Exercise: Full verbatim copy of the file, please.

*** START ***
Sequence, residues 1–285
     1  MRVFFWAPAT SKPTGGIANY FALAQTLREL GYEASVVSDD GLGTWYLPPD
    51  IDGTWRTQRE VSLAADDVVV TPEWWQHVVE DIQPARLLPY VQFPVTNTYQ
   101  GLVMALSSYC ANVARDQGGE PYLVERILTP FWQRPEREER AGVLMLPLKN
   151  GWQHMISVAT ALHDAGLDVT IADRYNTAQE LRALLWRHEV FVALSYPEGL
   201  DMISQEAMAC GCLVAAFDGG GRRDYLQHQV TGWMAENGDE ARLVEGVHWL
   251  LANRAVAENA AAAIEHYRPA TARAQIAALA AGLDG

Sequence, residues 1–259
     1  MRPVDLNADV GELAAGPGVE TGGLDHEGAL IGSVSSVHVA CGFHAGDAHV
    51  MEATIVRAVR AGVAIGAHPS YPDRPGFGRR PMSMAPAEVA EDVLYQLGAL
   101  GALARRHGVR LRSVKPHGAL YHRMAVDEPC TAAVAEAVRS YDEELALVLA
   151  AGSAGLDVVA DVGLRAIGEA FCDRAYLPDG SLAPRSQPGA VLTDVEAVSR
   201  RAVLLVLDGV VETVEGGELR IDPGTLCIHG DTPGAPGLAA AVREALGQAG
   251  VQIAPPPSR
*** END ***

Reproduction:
Sequence, residues 1–285
     1  MRVFFWAPAT SKPTGGIANY FALAQTLREL GYEASVVSDD GLGTWYLPPD
    51  IDGTWRTQRE VSLAADDVVV TPEWWQHVVE DIQPARLLPY VQFPVTNTYQ
   101  GLVMALSSYC ANVARDQGGE PYLVERILTP FWQRPEREER AGVLMLPLKN
   151  GWQHMISVAT ALHDAGLDVT IADRYNTAQE LRALLWRHEV FVALSYPEGL
   201  DMISQEAMAC GCLVAAFDGG GRRDYLQHQV TGWMAENGDE ARLVEGVHWL
   251  LANRAVAENA AAAIEHYRPA TARAQIAALA AGLDG

Sequence, residues 1–259
     1  MRPVDLNADV GELAAGPGVE TGGLDHEGAL IGSVSSVHVA CGFHAGDAHV
    51  MEATIVRAVR AGVAIGAHPS YPDRPGFGRR PMSMAPAEVA EDVLYQLGAL
   101  GALARRHGVR LRSVKPHGAL YHRMAVDEPC TAAVAEAVRS YDEELALVLA
   151  AGSAGLDVVA DVGLRAIGEA FCDRAYLPDG SLAPRSQPGA VLTDVEAVSR
   201  RAVLLVLDGV VETVEGGELR IDPGTLCIHG DTPGAPGLAA AVREALGQAG
   251  VQIAPPPSR